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"Install Other OS" Feature Removed From the PS3

badasscat Re:Sony's unique business model (739 comments)

I dunno, they had this neat technology called "rumble" that they introduced partway through the life cycle, and it seemed to catch on pretty well ;D

Yeah, and that tactic worked so well, they did it twice!

more than 4 years ago

"Install Other OS" Feature Removed From the PS3

badasscat Re:I'll take my full refund now sony... Shipping i (739 comments)

How can they sell something with a certain set of features and then just take it away? I know, it didn't really work all that well....

1 Because the feature was never advertised


more than 4 years ago

Jobs Says No Tethering iPad To iPhone

badasscat Re:Forged Headers? (423 comments)

If nobody knows Steve Job's email, then how can we confirm that the headers indicate it was sent by him?

We "know" nothing, however as others have said, Occam's razor basically applies here - all the other explanations are more convoluted and require more jumps in logic.

I don't see why it's hard to believe that Steve Jobs would reply to a question like this with a "No." For one thing, it sounds like him. For another thing, I doubt he'd see it as big news that there'd be no tethering. It's not like they're planning to have some big announcement at MacWorld or something that the iPad and iPhone won't tether. Oh no! Steve Jobs just spoiled his next "oh, one more thing!" No tethering!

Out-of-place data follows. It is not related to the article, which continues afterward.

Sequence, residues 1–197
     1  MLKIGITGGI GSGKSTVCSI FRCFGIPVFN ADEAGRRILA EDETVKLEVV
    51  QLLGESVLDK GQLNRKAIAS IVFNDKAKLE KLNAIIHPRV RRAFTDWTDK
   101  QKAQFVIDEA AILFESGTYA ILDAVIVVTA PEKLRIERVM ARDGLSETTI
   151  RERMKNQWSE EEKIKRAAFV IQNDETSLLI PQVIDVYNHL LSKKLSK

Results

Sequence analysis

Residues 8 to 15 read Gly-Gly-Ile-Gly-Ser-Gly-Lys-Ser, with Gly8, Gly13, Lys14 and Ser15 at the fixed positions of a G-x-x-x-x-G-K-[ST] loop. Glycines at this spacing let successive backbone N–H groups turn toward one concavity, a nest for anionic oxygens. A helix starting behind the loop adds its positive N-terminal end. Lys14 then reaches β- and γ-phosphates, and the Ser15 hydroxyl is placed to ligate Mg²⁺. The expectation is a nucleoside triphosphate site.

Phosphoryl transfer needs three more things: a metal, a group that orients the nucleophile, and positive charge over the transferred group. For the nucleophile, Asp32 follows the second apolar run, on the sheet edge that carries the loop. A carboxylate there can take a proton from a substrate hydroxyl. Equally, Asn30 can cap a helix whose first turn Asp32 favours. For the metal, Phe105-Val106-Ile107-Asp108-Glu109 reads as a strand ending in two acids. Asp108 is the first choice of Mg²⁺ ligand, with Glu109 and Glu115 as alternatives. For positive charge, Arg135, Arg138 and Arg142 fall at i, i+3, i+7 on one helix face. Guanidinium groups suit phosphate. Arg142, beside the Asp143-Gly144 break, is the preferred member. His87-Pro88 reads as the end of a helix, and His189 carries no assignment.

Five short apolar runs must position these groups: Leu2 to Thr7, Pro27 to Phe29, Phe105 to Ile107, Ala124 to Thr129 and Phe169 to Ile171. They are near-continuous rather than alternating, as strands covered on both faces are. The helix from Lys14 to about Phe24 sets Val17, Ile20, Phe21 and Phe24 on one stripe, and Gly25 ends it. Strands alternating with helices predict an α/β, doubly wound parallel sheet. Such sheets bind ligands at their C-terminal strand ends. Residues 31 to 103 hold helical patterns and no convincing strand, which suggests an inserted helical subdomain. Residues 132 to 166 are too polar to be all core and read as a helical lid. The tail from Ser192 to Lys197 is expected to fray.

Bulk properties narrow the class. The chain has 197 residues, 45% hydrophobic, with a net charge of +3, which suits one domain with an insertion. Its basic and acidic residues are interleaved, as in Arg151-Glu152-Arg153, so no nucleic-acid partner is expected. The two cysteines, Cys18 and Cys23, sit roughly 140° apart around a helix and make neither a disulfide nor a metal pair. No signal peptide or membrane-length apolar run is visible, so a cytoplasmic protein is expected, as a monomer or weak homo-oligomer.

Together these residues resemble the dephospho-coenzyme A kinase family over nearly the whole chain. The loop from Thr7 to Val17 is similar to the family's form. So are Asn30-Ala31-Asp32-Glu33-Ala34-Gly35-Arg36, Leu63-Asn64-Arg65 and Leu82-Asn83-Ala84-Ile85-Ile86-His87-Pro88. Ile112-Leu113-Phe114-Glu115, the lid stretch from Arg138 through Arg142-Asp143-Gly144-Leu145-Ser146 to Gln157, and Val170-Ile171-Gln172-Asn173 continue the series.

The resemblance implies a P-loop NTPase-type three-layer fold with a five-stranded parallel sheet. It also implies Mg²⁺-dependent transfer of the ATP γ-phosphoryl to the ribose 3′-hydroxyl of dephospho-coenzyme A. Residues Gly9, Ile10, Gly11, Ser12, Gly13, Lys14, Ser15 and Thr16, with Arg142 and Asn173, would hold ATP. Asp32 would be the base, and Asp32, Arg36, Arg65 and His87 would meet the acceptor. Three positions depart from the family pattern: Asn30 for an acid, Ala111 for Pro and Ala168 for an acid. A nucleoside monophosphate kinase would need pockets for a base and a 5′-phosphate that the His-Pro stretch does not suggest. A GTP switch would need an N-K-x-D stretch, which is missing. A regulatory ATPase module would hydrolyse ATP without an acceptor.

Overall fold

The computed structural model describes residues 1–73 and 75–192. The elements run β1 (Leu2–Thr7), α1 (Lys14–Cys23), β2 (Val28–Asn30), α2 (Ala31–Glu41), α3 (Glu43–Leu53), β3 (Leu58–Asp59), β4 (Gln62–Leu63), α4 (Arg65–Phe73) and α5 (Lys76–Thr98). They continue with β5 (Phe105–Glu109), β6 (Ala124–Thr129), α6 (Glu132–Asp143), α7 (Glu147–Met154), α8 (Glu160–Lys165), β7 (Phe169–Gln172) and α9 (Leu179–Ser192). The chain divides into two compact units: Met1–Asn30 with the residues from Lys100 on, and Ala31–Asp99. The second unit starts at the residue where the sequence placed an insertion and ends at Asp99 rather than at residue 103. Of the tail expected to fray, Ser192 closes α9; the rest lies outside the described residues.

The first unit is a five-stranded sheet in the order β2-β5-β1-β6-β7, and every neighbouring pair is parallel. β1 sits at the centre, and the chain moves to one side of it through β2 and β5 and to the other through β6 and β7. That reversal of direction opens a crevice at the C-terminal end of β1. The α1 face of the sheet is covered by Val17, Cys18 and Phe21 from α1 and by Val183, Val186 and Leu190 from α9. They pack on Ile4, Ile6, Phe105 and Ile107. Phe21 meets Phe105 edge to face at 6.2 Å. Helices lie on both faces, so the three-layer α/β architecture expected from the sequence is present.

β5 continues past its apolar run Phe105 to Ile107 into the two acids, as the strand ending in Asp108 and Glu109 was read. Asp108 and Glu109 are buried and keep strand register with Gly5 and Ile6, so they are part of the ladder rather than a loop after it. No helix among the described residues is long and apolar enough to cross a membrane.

Also, this story has actually been around for a couple of days now and nobody from Apple has denied it.

Lastly, I just want to say that email addresses are funny. Most celebrities and public figures have email addresses that would be the first thing you'd guess. I can't remember what the exact address in question here is but when I first saw the story elsewhere, I wasn't surprised that it was something like The reason people think "nobody knows" these addresses is simply that random emails from outsiders usually get ignored, and also because most people think the most obvious address would *never* actually be real. But even most celebrities, in my experience, don't really care *that* much about keeping their email address private, especially because they all have other, *actually* private email addresses that they use for important stuff, like chatting with friends or family. The professional email address just has a bunch of filters that separate all the random stuff out into junk folders.

I actually get to work with a lot of celebrities for my work, and the first few times somebody handed me their card with an address like "" on it (that's not real - though it may be! - but just an example), I was really surprised. But now I realize how common it is.

I have no idea why Jobs would respond to this one email, but maybe he was just searching through his junk mail box and it piqued his interest for some reason.

more than 4 years ago

Jobs Says No Tethering iPad To iPhone

badasscat Re:It's getting ridiculous (423 comments)

Are we supposed to keep paying up per device? It's highly unreasonable, specially since most people don't use two devices at the same time.